Performing arts in most parts of Maritime Southeast Asia are seen as an entity, where music and dance, sound and movement, acoustic and tactile elements intermingle and complement each other. Although this fact is widely known and referenced, most scholarly works in the performing arts so far have either focused on "music" or "dance" rather than treating the two in combination. The authors in this book look at both aspects in performance, moreover, they focus explicitly on the interrelation between the two, on both descriptive-analytical and metaphorical levels. The book includes diverse examples of regional performing art genres from Indonesia, Malaysia and the Philippines. All case studies are composed from the perspective of the relatively new approach and field of ethno-choreomusicology. This particular compilation gives an exemplary overview of various phenomena in movement-sound relations, and offers for the first time a thorough study of the phenomenon that is considered essential for the performing arts in Maritime Southeast Asia - the inseparability of movement and sound.
List of Figures List of Tables Notes on Contributors Preface 1. Understanding Performance in Maritime Southeast Asia: Re-thinking Paradigms and Discourses, an Introduction (Ricardo D. Trimillos) 2.Sonic and Tactile Dimensions of Sundanese Dance (Henry Spiller) 3. The Balinese Kecak – An Exemplification of Sonic and Visual (Inter-)relations (Kendra Stepputat) 4. Persistent Mutualisms: Energizing the Symbiotic Relationship Between Balinese Dancer and Drummer (Made Mantle Hood) 5. Cari….Cari….Cari!: Filling the Interstices of Music and Dance in Zapin Johor (Mohd Anis Md Nor) 6. Necessary (Re)Unions: Revisiting and Revising Studies on the Sama Igal Dance and Kulintangan Ensemble Music Traditions (MCM Santamaria) 7. Playing the Body: Female versus Male Elements in Aceh’s Sitting Song-Dances with Body Percussion (Margaret Kartomi) 8. The Body as Intersection: Interaction and Collaboration of Voice, Body, and Music in Balinese Arja (Ako Mashino) 9. Shadow Puppets, Drums and Gongs: Movement-Music Relationships in a Theatrical Genre (Patricia Matusky) 10. Dancing the Sound, Musicking the Movement–Contextual Dialogues between Music and Dance in Northern Borneo (Jacqueline Pugh-Kitingan) 11. Performing Community, Identity, and Change: The Chinese Dragon Leaps to the Beat (Tan Sooi Beng) 12. Gendang Beleq: The Negotiation of a Music/Dance Form in Lombok, Indonesia (David Harnish) 13. The Orak Lawoi Pelacak Festival: How Music and Movement Connects an erstwhile Semi-nomadic People to Their Vanishing History, Environment, and Culture (Lawrence Ross) 14. Moving Music: The Performing Arts, Space and Travel among the Sama Dilaut (Birgit Abels)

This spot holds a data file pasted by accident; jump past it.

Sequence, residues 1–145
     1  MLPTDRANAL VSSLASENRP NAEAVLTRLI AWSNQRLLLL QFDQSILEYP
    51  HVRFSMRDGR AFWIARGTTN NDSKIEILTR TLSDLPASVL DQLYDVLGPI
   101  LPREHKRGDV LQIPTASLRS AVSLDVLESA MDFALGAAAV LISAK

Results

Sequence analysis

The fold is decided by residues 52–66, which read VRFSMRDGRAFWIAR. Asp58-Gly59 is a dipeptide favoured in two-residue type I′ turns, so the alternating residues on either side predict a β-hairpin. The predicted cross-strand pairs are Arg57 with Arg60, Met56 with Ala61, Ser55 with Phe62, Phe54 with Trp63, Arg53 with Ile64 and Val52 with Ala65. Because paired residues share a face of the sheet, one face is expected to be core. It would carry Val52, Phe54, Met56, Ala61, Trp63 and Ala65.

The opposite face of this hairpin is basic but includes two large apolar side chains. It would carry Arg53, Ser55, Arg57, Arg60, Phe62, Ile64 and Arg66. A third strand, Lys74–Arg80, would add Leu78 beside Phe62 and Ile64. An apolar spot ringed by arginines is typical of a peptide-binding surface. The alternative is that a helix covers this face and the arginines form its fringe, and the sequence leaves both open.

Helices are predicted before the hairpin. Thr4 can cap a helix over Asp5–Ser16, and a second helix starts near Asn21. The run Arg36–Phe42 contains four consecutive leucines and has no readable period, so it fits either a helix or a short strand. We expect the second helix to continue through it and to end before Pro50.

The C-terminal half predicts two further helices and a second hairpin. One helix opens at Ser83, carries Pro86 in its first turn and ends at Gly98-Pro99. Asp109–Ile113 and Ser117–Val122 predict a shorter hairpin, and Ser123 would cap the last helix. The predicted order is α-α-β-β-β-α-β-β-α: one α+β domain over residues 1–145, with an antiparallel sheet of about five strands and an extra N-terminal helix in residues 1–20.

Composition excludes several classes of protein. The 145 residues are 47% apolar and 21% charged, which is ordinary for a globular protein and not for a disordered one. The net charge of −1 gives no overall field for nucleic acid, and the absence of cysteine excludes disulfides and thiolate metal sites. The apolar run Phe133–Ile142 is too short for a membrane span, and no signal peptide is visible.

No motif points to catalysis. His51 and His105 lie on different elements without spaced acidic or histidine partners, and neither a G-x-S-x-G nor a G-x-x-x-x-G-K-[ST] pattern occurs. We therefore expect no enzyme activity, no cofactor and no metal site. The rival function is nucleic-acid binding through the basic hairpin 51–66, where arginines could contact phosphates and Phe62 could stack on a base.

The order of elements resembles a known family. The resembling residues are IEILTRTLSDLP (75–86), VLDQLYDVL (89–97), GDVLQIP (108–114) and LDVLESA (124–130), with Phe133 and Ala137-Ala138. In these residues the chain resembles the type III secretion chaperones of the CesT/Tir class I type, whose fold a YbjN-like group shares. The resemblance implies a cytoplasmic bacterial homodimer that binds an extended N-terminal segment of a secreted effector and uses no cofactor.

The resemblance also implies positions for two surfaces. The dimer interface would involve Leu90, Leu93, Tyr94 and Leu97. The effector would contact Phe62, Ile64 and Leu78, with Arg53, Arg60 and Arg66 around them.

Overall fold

Series editor: Keith Howard, SOAS, University of London, UK
The study of the world’s many and diverse music cultures has become an important part of the discipline of musicology. Often termed ‘ethnomusicology’, the resulting studies share the fundamental recognition that music is cherished by every society in the world. Like language, music is a universal means of individual and cultural expression. It is also infinitely varied. Music in any society has intrinsic value in its own right, and can tell us much about the culture in which it developed. The core of the SOAS Musicology Series comprises studies of different musics, analysed in the contexts of the societies of which they are part, and exploring repertories, performance practice, musical instruments, and the roles and impacts of individual composers and performers. Studies which integrate music with dance, theatre or the visual arts are encouraged, and contextualised studies of music within the Western art canon are not excluded.
Reflecting current ethnomusicological theory and practice, the editors recognize the value of interdisciplinary and collaborative research. Volumes may utilize methodologies developed in anthropology, sociology, linguistics and psychology to explore music; they may seek to create a dialogue between scholars and musicians; or they may primarily be concerned with the evaluation of historical documentation. Monographs that explore contemporary and popular musics, the effect of globalization on musical production, or the comparison of different music cultures are also welcomed.